struments of revenge in their mutual When summer approaches, they throw quarrels. The father seizes one by the off their miserable garments, retaining heels, the mother arms herself with anonly what is absolutely necessary, and other, and a spirited combat ensues, form themselves into bands, which repair victory or peace is proclaimed. to the cities and villages in search of em- But we are at Giurgevo, and I bid a ployment. They are generally success- willing adieu to these degraded people. ful, for they are skillful and ingenious Their origin, their destiny, and their presworkmen, incredible as it may appear. ent purpose in the economy of the world
When a Tsigane wishes to marry, he are alike mysterious. The “business of must select his bride from among the Egypt,” (alias stealing,) which engages so slaves of his master. When the consent much of their time, is a befitting phrase for of the latter is obtained, he tells his future a race who are shrouded in more than father-in-law that he is pleased with his Egyptian darkness. daughter, and wishes to marry her. The By the treaty of 1829, Giurgevo, which paternal relative questions the young as- was formerly a Turkish fortress, became pirant for matrimony respecting his age, a Wallachian outpost. Its ancient posoccupation, and earnings; for though a sessors, however, destroyed its walls at fellow-bondman of the same owner, he the time of its abandonment, and it is now may be in utter ignorance even of his per- an odd medley of ruins and modern con
The lover most probably replies that structions. The new residences in the he is a blacksmith, that he is eighteen Danubian quarter have somewhat of a years of
age, and that he earns about European air ; at a further distance from twenty paras a day. The amiable couple the river is a high tower in the midst of then conclude the arrangement with an open circular place, surrounded with smoking and drinking, and separate with shops, cafes, and hotels, where the travan embrace. The next day the gipsy eler can be supplied with sherbet for his gallant conducts his bride, in presence of supper, and a billiard-table for his bed. their maternal relations, to the hut which | The inhabitants are estimated at about he bas constructed for her. They have twenty thousand, and their principal occua family repast, at the conclusion of which pation seems to consist in smoking the the most aged person of the tribe conse- chiboque, extended at full length upon crates the marriage by a few words pro- small strips of carpet. The women smoke nounced over the young couple, and the all day also, but they occupy themselves ceremony is finished.
at the same time with their distaffs. The gipsies of the Danubian Principali- The dogs, however, make up for the inties are utterly destitute of any religious habitants ; like a well-known Scripture sentiment, whatever may be true of them I character, they are incessantly going to
and fro in the earth, seeking what they almost the very day of its appearance in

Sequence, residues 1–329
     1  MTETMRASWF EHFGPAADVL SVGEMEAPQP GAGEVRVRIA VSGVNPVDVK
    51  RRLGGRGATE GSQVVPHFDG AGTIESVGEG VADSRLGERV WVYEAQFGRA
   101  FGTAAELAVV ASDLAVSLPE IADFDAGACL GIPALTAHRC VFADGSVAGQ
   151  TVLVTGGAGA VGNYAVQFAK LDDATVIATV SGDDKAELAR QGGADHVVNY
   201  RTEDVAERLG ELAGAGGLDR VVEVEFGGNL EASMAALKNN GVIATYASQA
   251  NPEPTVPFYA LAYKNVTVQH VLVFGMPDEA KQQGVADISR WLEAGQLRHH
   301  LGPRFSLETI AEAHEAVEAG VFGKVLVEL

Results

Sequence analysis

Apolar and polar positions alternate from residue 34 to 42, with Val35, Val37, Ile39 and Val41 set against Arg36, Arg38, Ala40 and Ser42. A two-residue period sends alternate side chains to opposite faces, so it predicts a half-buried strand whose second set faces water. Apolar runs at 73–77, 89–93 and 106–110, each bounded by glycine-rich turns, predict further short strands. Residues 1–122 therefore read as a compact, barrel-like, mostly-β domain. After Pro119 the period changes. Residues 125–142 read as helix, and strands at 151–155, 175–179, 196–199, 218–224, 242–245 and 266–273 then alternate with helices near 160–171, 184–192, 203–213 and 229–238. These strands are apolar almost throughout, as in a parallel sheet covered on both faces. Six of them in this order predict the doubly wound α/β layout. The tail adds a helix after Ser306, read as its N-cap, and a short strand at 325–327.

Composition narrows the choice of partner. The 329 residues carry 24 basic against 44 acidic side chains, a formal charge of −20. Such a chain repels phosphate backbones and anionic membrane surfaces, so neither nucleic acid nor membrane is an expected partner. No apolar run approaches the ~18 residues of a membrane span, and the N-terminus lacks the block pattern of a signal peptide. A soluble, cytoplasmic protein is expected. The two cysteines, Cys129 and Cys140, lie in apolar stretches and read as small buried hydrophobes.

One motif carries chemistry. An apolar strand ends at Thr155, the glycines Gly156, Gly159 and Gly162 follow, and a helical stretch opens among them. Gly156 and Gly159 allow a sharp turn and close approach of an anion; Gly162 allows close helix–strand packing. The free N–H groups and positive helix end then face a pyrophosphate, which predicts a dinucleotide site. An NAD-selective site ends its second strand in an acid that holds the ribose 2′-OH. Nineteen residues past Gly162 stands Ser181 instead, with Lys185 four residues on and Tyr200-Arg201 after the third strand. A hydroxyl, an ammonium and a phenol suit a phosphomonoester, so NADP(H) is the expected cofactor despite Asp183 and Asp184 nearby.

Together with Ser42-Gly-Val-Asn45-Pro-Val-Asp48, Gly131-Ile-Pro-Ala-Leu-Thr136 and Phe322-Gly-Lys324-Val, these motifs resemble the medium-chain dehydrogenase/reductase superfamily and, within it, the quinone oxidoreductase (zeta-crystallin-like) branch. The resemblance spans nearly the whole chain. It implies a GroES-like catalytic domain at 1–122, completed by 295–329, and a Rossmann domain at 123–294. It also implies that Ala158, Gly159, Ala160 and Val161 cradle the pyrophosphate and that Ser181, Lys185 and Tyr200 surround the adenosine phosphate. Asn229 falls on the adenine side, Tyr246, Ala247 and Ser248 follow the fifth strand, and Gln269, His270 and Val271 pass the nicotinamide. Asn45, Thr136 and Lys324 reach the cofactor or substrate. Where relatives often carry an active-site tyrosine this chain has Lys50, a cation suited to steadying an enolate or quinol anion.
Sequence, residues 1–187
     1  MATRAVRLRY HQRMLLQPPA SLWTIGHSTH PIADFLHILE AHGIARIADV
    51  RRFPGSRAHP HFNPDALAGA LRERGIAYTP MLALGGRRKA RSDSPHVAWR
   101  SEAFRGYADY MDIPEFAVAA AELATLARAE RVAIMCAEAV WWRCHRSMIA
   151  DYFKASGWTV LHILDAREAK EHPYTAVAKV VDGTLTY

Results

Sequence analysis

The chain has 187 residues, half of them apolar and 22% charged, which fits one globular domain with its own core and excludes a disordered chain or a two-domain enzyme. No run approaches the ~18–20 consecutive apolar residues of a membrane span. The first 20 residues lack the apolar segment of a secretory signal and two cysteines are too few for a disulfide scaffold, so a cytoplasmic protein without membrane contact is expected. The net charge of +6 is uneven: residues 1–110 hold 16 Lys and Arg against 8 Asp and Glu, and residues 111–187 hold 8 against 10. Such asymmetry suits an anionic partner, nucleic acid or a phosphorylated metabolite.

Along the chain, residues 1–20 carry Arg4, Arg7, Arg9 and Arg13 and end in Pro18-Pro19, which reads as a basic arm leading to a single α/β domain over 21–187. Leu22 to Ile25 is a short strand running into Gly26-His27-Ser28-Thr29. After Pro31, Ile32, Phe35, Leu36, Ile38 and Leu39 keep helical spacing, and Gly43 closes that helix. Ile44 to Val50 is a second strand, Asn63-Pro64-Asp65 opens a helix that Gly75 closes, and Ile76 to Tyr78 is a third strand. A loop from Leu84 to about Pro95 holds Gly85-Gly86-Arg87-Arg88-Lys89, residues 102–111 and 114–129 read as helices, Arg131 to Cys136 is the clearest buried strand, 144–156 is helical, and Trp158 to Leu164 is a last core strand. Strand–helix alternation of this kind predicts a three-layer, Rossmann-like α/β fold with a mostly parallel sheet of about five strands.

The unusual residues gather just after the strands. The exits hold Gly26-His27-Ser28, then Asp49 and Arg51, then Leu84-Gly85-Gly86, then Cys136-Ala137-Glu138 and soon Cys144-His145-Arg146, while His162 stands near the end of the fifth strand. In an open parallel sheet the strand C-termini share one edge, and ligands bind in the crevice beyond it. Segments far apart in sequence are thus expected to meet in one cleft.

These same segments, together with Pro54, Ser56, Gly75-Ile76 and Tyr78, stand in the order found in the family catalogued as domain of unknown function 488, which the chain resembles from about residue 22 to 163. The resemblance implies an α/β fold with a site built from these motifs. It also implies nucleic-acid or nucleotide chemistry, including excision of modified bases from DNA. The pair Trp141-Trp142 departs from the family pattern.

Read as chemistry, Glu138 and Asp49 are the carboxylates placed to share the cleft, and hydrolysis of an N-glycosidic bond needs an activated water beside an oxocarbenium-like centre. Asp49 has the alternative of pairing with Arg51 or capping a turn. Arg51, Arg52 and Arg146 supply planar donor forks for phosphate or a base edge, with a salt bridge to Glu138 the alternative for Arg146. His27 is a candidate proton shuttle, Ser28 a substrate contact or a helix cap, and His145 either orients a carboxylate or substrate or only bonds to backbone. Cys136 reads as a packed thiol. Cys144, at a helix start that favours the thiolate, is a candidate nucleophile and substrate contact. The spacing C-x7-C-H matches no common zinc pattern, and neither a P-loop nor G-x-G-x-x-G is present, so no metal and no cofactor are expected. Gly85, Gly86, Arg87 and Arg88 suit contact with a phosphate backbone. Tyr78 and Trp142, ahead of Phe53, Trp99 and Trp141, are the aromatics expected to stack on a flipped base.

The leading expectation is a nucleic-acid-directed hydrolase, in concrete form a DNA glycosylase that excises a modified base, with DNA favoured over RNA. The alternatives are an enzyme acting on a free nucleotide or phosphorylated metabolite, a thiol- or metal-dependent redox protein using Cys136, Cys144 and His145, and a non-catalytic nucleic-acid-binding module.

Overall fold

different countries can be predicted with The quarantine regulations are very certainty. At Alexandria it is at its strict at Giurgevo. The Wallachians are height from November to June ; at Cairo, firm believers in the contagious character from February to June ; at Constantinoof the plague, of which they have a mortal ple, from July to January. The latitude terror. Each principality has its sanitary and position of a country, stagnant waters, committee, whose business it is to preserve bad cultivation, and various other causes, the public health and maintain quarantine. have much to do in modifying its intensiEvery station has a director, an interpre- ty. Notwithstanding the frequent comter, and a male and female physician. munication between Egypt, Nubia, and The time of detention is graduated from Arabia, it is well known that the two latfour to twenty-four days. Upon the ar- ter countries have never been visited with rival of a vessel, the passengers are con- the terrible pestilence which devastates ducted into a fumigated apartment, where the former. It is not a little singular that they are stripped of their clothing, and un- the plague was unknown during the highless they have taken the precaution to est period of prosperity in Egypt, which send on a change of raiment twenty-four commenced about fourteen hundred years hours previously, they are invested in before Christ, and lasted till about the loose trowsers, dressing-gown, and slip- third century of our era, when the practice pers, furnished by government for the pur- of embalming ceased. From this time it pose, and conducted to the chambers des- has reappeared every year with fatal and tined for their use during their imprison- unerring regularity. Though not an inevment. Merchandise is also subjected to itable attendant upon barbarism, it certainvarious processes. Some are simply im- ly flies before the march of civilization. mersed in water, others are fumigated But let me dismiss this dismal subject with muriatic acid, or exposed to the air for my more agreeable voyaging preparafor a certain number of days, according to tions upon the glorious Danube, for it is the material of which they are composed by this river and the Black Sea that I proMixed cotton and woolen fabrics must be ceed to Constantinople. Some years since, regarded as especially dangerous, for they in going from Baden-Baden to Schaffeuse gain admittance to the country only after by the Black Forest, I stopped for a night thirty and often forty-two days of quaran- at Donaueschingen, a little village whose tine. The foreign journals which reach only boast is, that it possesses the source their destination might be supposed, from of the Danube. I arose early the next their odor, to come straight from the lit- morning and went to the palace of Prince tle imp who figures so largely in printing Furstenberg. In a corner of the garden, offices; but this peculiarity is explained as between the walls of the palace and the proceeding from the sulphurous fumes in church, they showed me a little round which they are hung for six hours. Money basin, surrounded with an iron balustrade, and jewels are rinsed in vinegar.